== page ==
Behavioral Activation is a CBT technique that uses opposite action, one of the emotion regulation dialectical behavior skills. to help us improve our mood by changing our behavior.
When we’re feeling depressed we tend to not want to do much of anything, which only leaves us feeling more depressed. With behavioral activation, we work on increasing our level of activity by engaging in activities that give us a sense of pleasure, achievement, and/or social connection. Behavioral activation is one of the most effective things we can do to help lift our mood and start to pull ourselves out of a period of feeling depressed.
CBT, Behavioral Activation and Depression
When we’re feeling anxious about something, it’s natural to want to avoid it, but avoidance is one of the worse things we can do for anxiety, and the more we avoid something, the more anxious it tends to make us. The opposite of avoidance is exposure, and one of the keys to reducing anxiety is to exposure ourselves to the things that cause us anxiety, through a gradual and controlled process called Graded Exposure or Systematic Desensitization.
Watch the videos below to learn why avoidance increases our anxiety and how we can use graded exposure or systematic desensitization to lower our anxiety.
Reducing Anxiety and Avoidance with Exposure
Panic attacks, also known as anxiety attacks, are sudden and intense waves of anxiety that can leave you worried you’re having a heart attack, about to pass out, going crazy, or with any number of other fears that something is seriously wrong with your health. Panic attacks are terrifying in isolation, and panic disorder occurs when panic attacks arise on a regular basis.
The most effective treatment for panic attacks and panic disorder is Cognitive Behavioral Therapy, or CBT. In the videos below, learn how anxiety escalates into a panic attack, and how you can use CBT to defuse a panic attack and make it less likely you have panic attacks in the future.
How To Sleep Better And Cure Insomnia With CBT
In a previous post, we looked at the cognitive behavioural therapy (CBT) model of the vicious cycle of depression involving thoughts, feelings, behaviours, memories and physical symptoms. One of the first steps in overcoming depression is to put and end to this vicious cycle, and gain some momentum that can help you cycle in a positive direction.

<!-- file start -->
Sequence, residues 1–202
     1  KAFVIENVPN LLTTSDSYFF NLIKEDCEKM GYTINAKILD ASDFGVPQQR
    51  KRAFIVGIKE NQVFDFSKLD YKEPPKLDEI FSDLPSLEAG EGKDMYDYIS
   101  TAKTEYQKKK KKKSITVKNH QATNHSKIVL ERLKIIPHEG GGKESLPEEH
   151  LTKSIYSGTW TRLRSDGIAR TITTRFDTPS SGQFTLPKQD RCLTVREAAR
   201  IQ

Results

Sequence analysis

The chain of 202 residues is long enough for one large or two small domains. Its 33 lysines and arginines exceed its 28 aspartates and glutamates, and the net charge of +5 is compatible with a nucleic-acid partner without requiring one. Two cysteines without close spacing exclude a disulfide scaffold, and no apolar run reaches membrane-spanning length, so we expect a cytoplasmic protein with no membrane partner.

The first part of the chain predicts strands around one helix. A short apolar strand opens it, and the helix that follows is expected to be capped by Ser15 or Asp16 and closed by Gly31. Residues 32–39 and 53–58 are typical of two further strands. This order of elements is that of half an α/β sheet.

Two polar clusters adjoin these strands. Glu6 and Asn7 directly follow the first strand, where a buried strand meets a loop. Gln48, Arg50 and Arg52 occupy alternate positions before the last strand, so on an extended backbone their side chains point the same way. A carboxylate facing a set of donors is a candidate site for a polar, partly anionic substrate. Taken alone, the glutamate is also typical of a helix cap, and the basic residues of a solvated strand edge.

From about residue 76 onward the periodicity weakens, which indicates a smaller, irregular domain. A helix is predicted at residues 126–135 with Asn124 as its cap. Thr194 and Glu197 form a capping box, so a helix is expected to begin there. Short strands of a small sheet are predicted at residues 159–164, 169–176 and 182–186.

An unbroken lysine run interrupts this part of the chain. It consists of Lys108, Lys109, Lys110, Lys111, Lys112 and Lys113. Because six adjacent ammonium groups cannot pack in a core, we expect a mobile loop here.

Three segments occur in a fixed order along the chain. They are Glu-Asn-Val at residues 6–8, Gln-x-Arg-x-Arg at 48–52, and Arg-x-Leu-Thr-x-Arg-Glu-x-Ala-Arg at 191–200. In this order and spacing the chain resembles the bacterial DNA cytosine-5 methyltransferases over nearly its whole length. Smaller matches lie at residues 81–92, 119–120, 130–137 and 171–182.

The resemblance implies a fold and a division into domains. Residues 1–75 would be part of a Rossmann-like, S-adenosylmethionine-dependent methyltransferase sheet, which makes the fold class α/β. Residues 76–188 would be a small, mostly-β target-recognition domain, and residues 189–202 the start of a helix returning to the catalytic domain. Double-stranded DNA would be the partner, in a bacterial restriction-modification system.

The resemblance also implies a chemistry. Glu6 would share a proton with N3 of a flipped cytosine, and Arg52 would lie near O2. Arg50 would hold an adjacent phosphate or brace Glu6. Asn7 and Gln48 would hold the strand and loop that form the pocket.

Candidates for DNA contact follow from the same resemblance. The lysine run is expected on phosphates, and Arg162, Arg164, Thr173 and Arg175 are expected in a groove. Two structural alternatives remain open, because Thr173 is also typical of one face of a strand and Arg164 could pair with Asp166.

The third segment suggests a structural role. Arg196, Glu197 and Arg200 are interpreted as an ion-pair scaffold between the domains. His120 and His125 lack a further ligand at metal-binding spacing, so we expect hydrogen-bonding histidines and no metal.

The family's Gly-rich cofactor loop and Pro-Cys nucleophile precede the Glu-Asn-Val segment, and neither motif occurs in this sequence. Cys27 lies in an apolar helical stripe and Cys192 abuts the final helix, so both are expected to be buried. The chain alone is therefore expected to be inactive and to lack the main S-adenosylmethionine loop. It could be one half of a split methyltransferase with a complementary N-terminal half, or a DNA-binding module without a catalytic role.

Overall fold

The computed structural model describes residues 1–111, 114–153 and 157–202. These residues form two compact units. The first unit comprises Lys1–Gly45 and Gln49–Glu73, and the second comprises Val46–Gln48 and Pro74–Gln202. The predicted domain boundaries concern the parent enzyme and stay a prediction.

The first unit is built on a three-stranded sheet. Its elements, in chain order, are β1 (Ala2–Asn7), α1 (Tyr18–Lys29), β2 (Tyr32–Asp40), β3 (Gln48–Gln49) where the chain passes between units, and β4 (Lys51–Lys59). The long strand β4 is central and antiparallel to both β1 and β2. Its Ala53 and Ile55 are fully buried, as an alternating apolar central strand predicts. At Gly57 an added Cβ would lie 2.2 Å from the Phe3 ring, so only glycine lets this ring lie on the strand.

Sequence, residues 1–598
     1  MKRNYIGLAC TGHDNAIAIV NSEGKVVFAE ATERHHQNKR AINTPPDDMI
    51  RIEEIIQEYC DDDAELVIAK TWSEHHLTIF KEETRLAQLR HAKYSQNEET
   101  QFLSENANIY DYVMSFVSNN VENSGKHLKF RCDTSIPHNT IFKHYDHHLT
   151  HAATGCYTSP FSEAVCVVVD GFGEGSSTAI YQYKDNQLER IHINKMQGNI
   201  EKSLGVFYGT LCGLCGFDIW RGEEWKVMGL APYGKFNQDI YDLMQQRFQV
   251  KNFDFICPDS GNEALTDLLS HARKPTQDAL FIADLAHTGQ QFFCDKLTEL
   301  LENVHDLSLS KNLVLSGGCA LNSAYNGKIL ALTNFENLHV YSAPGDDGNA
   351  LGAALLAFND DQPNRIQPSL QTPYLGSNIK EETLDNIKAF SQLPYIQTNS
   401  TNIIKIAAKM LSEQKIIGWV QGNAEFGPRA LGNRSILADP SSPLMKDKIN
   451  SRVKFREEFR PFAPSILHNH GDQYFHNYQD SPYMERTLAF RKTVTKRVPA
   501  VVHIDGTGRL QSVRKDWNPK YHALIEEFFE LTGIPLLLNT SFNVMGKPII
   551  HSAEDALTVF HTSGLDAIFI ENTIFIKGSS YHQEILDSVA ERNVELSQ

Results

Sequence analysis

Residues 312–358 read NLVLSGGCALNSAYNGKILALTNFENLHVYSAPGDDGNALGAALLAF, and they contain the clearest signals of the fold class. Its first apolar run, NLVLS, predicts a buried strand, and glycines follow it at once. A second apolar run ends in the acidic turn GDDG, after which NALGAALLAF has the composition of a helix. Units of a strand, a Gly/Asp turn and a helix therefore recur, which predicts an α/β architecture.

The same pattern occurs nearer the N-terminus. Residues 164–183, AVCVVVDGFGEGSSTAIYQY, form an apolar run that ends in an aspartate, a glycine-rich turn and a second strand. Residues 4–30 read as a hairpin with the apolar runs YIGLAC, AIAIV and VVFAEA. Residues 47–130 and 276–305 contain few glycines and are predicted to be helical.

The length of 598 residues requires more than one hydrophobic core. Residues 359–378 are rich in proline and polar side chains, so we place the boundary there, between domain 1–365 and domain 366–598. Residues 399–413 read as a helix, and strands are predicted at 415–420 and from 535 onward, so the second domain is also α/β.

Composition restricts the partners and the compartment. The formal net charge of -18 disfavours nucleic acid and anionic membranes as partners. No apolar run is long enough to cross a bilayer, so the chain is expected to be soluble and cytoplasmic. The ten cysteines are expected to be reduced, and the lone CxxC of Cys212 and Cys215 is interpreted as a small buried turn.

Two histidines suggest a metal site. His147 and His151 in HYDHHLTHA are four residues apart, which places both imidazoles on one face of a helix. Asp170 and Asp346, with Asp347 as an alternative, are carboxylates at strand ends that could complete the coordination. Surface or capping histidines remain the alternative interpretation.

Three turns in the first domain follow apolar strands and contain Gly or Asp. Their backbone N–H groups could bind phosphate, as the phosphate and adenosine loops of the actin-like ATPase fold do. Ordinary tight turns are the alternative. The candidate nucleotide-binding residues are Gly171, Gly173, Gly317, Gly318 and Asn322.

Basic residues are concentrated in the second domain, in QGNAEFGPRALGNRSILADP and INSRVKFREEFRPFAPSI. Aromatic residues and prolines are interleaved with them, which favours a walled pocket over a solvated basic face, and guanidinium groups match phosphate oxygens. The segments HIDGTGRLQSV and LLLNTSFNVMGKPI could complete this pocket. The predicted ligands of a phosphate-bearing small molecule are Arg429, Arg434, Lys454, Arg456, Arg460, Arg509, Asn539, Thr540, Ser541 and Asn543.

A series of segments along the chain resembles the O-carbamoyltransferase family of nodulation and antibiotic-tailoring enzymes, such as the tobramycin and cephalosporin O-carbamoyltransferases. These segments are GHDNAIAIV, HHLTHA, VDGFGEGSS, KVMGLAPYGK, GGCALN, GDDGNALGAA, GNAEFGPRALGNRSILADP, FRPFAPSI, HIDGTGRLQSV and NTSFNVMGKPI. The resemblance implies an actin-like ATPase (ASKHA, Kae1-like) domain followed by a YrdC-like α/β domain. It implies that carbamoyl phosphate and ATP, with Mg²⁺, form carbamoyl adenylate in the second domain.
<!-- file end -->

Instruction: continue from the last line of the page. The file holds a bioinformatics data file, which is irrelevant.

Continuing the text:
Just as automatic negative thoughts result from and contribute to depression, by engaging in more neutral and balanced ways of thinking, we can begin to stop the vicious cycle involving negative thoughts and depression. Cognitive therapy provides an effective tool to help break out of negative patterns of thinking. As our thoughts become less negative, we begin to feel less depressed, and as we become less depressed, our thoughts about ourselves, our lives and our future become less negative, and so on.
We can experience similar reversal in these vicious cycles in other areas of our lives that are affected by, and affect depression. Cognitive behavioural therapy (CBT) can help change behaviours that result from and contribute to depression such as reducing level of activity and withdrawing socially. Changes in diet, exercise, sleep habits and self-care can help alleviate the distressing physical symptoms associated with depression and lead to more energy and motivation.
How to Treat and Manage Depression
In the cognitive behavioural therapy (CBT) model of depression, one of the reasons that breaking out of depression can be so difficult is that depression generates vicious cycles involving a number of aspects of your life. Once you get stuck in these vicious cycles, they can be hard to break.
Why is it that when we’re feeling anxious, we tend to worry so much, even though worrying tends to do nothing except make us feel even more anxious? One reason is that it’s easy to regard worrying as something that can be productive: that it either helps us deal with anxiety, or protects us from the thing we’re feeling anxious about. If worrying actually did have these effects, it would be quite beneficial. But unfortunately, worrying usually only increases anxiety. So why do we continue to do it time and time again?
Worrying tends to feel a lot like problem solving. When we problem solve, we identify a problem, come up with some possible solutions, weigh their pros and cons, and then take some sort of action to resolve the problem. Problem solving is a very constructive, rational thought process to help us deal effectively with a problem at hand.
When we’re feeling distressed about something or going through a difficult emotional experience it can feel like our thoughts are running out of control. Our minds start racing and we find ourselves dwelling in the past, worrying about the future, or just spinning our wheels trying to think ourelves out of our problems.